Talk 5 - 3:30pm-4:15pm

Byron Cohen

PhD Candidate in Population Health Sciences

Harvard School of Public Health

Effects of Routine Testing for Accidental Lab-Acquired Infections on the Risk of Escape of Potential Pandemic Pathogens from BSL-4 and BSL-3 Laboratories 

Background: There is increasing concern in the scientific community about the risk an accidental Lab-Acquired Infection (LAI) in a BSL-4 or BSL-3 laboratory leading to the release of a Potential Pandemic Pathogen (PPP) into the community. This paper evaluates the utility of routine testing of lab workers for accidental infection coupled with isolation of infected lab workers to reduce the risk of a catastrophic lab accident. 

Methods: The author constructed a stochastic network infectious disease model to simulate how the probability of an outbreak of a pathogen resembling wild-type SARS-COV-2 following an initial accidental lab-acquired infection is influenced by a variety of test-and-isolate interventions. Key parameters that were manipulated across simulations included test frequency, test sensitivity, and length of average delay from positive test to isolation.  

Results: Simulation results indicated that even relatively infrequent routine testing can substantially reduce the risk of LAIs sparking outbreaks with a PPP, and that the largest risk reductions can be achieved with more frequent testing. The impact of increasing test frequency on the probability of an outbreak was reduced as isolation delays increased. Simulation results also indicated that as test sensitivity increased, the probability of an outbreak occurring decreased. The impact of increasing test sensitivity on the probability of an outbreak was reduced as the length of isolation delays increased. Simulation results also indicated that as the length of isolation delays increased, so did the probability of an outbreak.  The impact of increasing isolation delays on the probability of outbreaks was magnified by increases in test frequency and test sensitivity.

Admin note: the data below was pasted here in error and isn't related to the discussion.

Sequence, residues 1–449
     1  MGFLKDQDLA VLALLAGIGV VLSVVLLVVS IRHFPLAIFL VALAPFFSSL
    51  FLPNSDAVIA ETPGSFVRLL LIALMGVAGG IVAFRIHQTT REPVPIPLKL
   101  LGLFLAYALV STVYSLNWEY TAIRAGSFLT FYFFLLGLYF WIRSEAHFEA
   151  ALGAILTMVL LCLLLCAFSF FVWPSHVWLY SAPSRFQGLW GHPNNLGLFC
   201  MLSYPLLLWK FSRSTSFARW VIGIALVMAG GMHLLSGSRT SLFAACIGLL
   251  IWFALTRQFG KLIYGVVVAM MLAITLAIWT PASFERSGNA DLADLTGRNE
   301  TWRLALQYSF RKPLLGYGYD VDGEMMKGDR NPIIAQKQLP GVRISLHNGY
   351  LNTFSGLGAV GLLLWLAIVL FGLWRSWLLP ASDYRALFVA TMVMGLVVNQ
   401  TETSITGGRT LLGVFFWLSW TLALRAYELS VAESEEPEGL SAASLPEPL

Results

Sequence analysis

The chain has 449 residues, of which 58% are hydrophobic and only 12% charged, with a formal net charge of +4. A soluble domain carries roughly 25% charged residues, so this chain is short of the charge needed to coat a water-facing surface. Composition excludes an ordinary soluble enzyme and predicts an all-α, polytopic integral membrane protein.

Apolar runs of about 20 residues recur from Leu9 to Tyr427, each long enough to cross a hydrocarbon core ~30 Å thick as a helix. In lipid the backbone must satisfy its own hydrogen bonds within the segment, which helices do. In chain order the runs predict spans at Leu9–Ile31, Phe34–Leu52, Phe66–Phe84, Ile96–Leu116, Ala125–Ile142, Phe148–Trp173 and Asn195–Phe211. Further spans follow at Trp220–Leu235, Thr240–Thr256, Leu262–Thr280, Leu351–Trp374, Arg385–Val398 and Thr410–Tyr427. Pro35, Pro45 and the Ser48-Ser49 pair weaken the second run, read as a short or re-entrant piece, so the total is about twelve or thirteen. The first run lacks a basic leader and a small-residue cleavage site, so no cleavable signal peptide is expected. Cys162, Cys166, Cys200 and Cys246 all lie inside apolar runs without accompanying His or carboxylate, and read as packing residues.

Byron Cohen is a PhD Candidate in Population Health Sciences at Harvard University, based in the Department of Global Health & Population, in the department’s Health Systems track. In his research, Byron uses epidemiological models to evaluate different strategies to optimize infectious disease surveillance for early detection and response to pandemics.  Boston is the organizer of the Boston Biosecurity Working Group, a voluntary association dedicated to promoting shared learning and community-building for biosecurity-interested professionals and students in Boston. He also recently served as a facilitator for a pilot course on Biosecurity Fundamentals offered by Blue Dot Impact. Byron’s prior research experience included working with the World Bank on an impact evaluation of a major clean water and sanitation project in the DRC, working on health systems strengthening research with Harvard’s India Health Systems project, and on projects to help improve clean water access and water governance in the city of Gulu, Uganda. Byron holds an M.P.H. with First Class Honours from University College Dublin, where he studied as a Senator George Mitchell Scholar, and B.A. in Philosophy, Politics, & Economics from Claremont McKenna College, where he was elected Phi Beta Kappa and Vanity Fair. Prashant is a chemical engineer by training and has a PhD in Management Science. 


If you have any questions, please contact us via email: orc_iapcoordinators@mit.edu.


Event Time: 

2023 - 09:30